There are so many factors involved with such a magnificent animal as a primate which makes it so very important to fully educate yourself and get some "hands on" experience before deciding you are able to alter your lifestyle enough to accommodate the necessary well-being of a primate. 

The size of each species may make the danger a little less, such a Tamarin versus an old world
macaque but the danger still remains. Also, the danger in old world monks, such as macaques, of deadly disease should be considered. Not all macaques have these diseases but it is an important consideration. Be sure of the reputation and credibility of the people you are speaking with when it comes to the health of any animal you may be considering to join your family. Another consideration - do you have a veterinarian nearby who is willing to work with you and your primate when needed. There are many vets who refuse to see a primate. So be sure you have one available for regular checkups and emergencies. 

I would be happy to answer any questions I can or direct you to others who are more versed in a certain area than I. 

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"I received an email from someone who has children from ages toddler to 14 who is wanting to add a black-cap capuchin to the family. I cautioned that monkeys and kids are often a bad mix, but to be honest, my black-caps are excellent with my kids. Seeing as though my kids are very different from typical kids I am hoping that some of you can help me provide information." 

My personal belief developing from experience and intuition has led me to believe that monkeys, as with many other animals, have the ability to distinguish between the able-bodied and disabled, children as well as adults. I have seen this behavior in Mookie and have read many books and articles on this subject. I believe that a large percentage of families with children are not good candidates to have a monkey live with them. Unless the children and adults have been brought up around monkeys, and understand the intense relationship these creatures have. There is a huge amount of chance taken of children getting hurt because they do not understand the hierarchy and thought process of a monkey. Even in families who have been brought up with monkeys - the risk of injury is great. Read about even the adults being bite, even tho they have years of experience. The option is to have the teeth done is not to be taken lightly, that option should be well thought out.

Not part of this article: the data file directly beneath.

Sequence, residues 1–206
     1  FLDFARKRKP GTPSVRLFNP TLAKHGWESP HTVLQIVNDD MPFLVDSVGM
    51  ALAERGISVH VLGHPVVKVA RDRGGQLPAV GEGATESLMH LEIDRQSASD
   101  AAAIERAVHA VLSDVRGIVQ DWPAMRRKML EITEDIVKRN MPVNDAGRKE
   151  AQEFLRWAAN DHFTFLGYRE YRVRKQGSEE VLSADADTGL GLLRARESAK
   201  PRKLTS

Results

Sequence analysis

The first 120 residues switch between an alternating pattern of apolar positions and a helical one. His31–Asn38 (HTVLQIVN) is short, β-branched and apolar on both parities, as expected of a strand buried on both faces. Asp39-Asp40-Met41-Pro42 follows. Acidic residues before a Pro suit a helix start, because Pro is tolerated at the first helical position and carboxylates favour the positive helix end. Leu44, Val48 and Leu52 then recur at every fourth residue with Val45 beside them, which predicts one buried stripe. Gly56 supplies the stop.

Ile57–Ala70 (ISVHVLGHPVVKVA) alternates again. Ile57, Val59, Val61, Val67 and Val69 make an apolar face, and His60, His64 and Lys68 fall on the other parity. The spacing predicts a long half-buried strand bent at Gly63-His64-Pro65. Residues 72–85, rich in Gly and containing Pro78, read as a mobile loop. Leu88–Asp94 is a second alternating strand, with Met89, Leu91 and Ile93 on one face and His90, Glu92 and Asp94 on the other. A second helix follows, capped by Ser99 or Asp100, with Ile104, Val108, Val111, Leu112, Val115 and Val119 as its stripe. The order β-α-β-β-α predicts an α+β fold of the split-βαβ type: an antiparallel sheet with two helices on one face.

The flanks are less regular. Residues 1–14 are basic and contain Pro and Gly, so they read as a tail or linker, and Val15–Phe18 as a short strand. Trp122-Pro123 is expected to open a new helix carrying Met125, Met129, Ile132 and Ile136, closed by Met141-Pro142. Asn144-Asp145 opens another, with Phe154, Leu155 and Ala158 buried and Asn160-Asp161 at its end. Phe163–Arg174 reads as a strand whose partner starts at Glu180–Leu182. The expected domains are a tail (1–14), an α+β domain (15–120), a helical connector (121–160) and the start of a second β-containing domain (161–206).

I do know of several monkeys who are used in therapeutic settings very successfully, but the monkeys are mature adults who have personalities suited for that. When one adds a young monkey to their family - there is no guarantee the monkey will have a good personality with children. There are so many factors involved. I really like the idea one woman had and implemented with the breeders having people automatically joined to the Simian Society, as well as give out the SS manual. I feel it is very important for prospective primate caretakers to spend hours upon hours working with a primate before getting one. I feel that is a very important key to the success of placing primates in appropriate homes. 

I have rambled on long enough.............. Please remember these are my personal opinions only. Each person must make up their own mind how best to prepare themselves for the addition of a primate to their family. 

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"Does anyone else seem to see a difference in the disposition of the species???" 

I can only speak from my experience with Milo - who is a 5 yr brown capuchin female. She came to us in March of 1998 (at the age of 5). I continually give thanks for the blessing we have been given having her here. Not only is she a wonderful companion for Mookie but she allows me to do anything with her. But I hesitate allowing interaction with others as she can  change from a sweet angel to flying teeth with anyone but me. (Her canine forward were removed before she went to the Wise Monkeys, who graciously donated her to me for Mookie, with permission of her previous owner). She can do a number on skin with just the molars. I don't want to take chances with her biting anyone so we don't push interaction with anyone but me. She will visit with a few people here but I am always wary of her change in mood.